Our question is if there are ANY products worldwide (most probably European products) where the Blue Angel and LGA certifications has been homologated/accredited to obtain Greenguard or Cradle to Cradle certification or any other information that will help us getting those European Certifications validated by the representatives here in Perú.
It is extremely important for our business here to get these LEED Credits and knowing this information will be extremely valuable for us.
A commercial tenant has a lease on a whole building. two areas of the building, a gym and a cafe for employees, are completely separated (ie party walls with no connecting interior door) and will be built out by vendors (cafeteria and gym operators). They will be used only for the employees and visitors to the leaseholder. The spaces do not have separate leases or subleases.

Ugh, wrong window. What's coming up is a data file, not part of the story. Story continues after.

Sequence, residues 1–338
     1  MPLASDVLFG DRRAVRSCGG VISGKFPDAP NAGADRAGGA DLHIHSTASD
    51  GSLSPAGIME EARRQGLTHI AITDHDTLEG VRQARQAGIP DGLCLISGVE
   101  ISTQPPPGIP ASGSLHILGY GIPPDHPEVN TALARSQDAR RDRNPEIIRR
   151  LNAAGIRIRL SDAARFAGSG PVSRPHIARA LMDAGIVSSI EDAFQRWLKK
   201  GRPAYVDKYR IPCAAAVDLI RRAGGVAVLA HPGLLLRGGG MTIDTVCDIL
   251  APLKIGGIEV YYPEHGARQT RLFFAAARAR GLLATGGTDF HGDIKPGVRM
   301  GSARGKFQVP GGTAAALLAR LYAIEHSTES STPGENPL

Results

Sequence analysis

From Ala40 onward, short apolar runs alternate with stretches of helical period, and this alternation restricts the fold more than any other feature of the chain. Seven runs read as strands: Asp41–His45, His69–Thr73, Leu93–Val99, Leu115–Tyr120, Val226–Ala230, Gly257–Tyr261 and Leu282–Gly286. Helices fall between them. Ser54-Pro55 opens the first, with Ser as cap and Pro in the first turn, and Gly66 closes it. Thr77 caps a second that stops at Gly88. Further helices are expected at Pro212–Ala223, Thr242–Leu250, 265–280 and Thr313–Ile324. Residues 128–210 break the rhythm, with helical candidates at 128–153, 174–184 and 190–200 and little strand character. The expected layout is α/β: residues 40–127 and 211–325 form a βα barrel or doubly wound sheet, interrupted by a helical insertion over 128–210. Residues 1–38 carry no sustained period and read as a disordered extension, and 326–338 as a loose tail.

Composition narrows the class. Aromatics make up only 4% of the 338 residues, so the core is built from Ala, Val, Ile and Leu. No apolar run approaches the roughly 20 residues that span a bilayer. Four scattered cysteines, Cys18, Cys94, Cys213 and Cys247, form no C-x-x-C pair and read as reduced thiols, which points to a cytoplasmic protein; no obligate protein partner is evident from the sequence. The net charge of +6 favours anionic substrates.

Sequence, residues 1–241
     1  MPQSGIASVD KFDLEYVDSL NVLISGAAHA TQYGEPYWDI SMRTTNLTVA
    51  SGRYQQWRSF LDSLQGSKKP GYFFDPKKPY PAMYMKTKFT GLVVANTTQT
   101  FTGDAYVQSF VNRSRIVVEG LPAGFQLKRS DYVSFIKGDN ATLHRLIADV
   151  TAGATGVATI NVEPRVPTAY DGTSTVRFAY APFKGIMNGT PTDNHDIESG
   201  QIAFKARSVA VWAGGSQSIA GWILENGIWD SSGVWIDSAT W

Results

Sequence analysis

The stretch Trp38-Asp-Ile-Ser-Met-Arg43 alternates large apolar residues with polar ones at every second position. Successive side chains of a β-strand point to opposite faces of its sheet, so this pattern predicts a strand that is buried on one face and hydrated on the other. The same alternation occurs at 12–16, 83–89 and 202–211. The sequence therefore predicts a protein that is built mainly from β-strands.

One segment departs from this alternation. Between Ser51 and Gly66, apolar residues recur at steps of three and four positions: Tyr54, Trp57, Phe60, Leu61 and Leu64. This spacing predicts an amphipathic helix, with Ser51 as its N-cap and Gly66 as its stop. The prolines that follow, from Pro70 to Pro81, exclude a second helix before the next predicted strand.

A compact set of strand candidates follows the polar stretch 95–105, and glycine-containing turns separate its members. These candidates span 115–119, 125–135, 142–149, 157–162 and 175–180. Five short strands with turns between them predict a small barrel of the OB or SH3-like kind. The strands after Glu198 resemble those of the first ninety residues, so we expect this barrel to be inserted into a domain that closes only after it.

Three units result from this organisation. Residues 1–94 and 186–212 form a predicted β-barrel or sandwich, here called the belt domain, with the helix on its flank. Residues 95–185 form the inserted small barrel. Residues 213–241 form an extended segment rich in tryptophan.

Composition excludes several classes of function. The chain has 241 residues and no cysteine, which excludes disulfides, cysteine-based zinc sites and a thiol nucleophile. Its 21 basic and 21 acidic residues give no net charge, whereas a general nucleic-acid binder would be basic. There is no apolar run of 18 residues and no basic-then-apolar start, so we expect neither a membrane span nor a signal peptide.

The rest of the builidng TI is complete and occupied. These other areas, however, remain un-built-out, and the extra air demand for a gym has not yet been dealt with in the mechanical system.
These spaces were included in the preliminary design submittal, but caused significant problems .
Is it possible to exclude them from the resubmittal, especially if we provide photos showing they are not occupied?
This seems like a stretch to me, but the team is pushing on it, so I could use an outside opinion.